Despite the title, The Yakuza Papers 4: Police Tactics doesn't really focus on the side of the law. Lawmen are present in some scenes, but they play a background role to the yakuza they are trailing. Instead, the film is a continuation of the war that was built up in The Yakuza Papers 3: Proxy War. The result isn't as suspenseful as its predecessor since its focus is really on how the yakuza falls apart, but it's no less compelling. The script offers the usual tense combination of double-dealing and sudden, shocking murders but it also finds the time for some poignant moments that illustrate the human cost of the yakuza lifestyle, the best being the tale of a young foot soldier whose friendship with an underboss in a rival family is doomed to end badly. Bunta Sugawara toplines once again as Hirono, but the story sidelines him much of the time; instead, much of the film's dramatic weight is carried by series regulars like Nobuo Kaneko, Takeshi Kato, and Tatsuo Umemiya. That said, Sugawara makes the most of his time here, creating the portrait of a man succumbing to bitterness after spending too long suffering the treachery of others. Kinji Fukasaku handles the cast well, making the human drama deeply felt between all the double-crosses and gangland slayings, and gives the film the kind of trademark fast and furious visual style that defines this series. The finished film never hits the intense peaks of the first or third entries in the series, but The Yakuza Papers 4: Police Tactics remains a strong entry in a very impressive film series.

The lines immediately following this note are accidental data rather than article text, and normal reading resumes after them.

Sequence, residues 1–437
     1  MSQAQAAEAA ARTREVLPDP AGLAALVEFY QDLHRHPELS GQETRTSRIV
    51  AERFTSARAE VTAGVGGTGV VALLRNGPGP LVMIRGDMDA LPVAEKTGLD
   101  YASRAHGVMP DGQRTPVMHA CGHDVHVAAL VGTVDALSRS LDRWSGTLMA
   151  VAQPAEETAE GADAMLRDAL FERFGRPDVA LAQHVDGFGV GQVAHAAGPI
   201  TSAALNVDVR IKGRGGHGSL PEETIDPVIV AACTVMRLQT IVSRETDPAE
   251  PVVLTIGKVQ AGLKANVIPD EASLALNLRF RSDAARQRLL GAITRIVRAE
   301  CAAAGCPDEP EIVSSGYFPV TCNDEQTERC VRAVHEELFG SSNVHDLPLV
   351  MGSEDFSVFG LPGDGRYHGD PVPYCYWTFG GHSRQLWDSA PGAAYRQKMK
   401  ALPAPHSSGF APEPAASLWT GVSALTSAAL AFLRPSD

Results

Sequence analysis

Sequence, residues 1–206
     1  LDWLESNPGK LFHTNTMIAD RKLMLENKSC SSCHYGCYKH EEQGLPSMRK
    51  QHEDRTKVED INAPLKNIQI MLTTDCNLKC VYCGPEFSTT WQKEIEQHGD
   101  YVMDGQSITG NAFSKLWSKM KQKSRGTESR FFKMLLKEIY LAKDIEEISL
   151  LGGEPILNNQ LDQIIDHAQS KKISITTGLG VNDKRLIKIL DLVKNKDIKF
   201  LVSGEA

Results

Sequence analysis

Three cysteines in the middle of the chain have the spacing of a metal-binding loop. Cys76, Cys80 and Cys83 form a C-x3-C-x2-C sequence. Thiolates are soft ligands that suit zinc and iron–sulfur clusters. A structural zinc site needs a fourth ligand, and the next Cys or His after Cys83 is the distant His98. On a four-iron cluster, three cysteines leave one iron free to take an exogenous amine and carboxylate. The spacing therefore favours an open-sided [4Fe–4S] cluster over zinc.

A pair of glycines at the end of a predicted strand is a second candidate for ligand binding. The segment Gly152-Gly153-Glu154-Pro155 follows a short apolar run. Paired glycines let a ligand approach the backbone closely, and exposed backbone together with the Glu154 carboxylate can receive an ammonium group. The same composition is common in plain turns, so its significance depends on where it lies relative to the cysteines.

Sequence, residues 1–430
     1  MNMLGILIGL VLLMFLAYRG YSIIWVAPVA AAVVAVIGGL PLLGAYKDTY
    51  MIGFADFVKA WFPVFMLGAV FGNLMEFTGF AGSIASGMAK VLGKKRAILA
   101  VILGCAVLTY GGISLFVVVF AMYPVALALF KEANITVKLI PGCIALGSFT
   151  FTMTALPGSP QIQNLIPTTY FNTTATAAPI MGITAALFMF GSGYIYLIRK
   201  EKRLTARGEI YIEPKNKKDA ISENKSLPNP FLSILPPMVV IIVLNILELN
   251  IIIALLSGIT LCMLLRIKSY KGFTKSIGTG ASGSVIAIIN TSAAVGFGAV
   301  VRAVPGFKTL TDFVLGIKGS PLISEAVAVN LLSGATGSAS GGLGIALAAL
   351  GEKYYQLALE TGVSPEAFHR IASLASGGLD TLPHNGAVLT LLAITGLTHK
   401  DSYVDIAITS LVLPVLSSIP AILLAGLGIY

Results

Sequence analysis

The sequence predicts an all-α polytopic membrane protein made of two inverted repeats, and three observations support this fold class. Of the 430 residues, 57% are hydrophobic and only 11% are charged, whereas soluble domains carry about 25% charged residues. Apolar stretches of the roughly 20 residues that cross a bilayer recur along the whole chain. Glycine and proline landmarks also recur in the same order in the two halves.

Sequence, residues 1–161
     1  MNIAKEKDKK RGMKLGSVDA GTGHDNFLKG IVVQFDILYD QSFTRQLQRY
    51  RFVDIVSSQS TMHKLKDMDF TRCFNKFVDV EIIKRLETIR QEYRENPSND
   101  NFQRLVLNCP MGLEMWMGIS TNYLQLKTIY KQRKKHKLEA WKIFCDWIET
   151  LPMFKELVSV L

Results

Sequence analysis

by Donald Guarisco review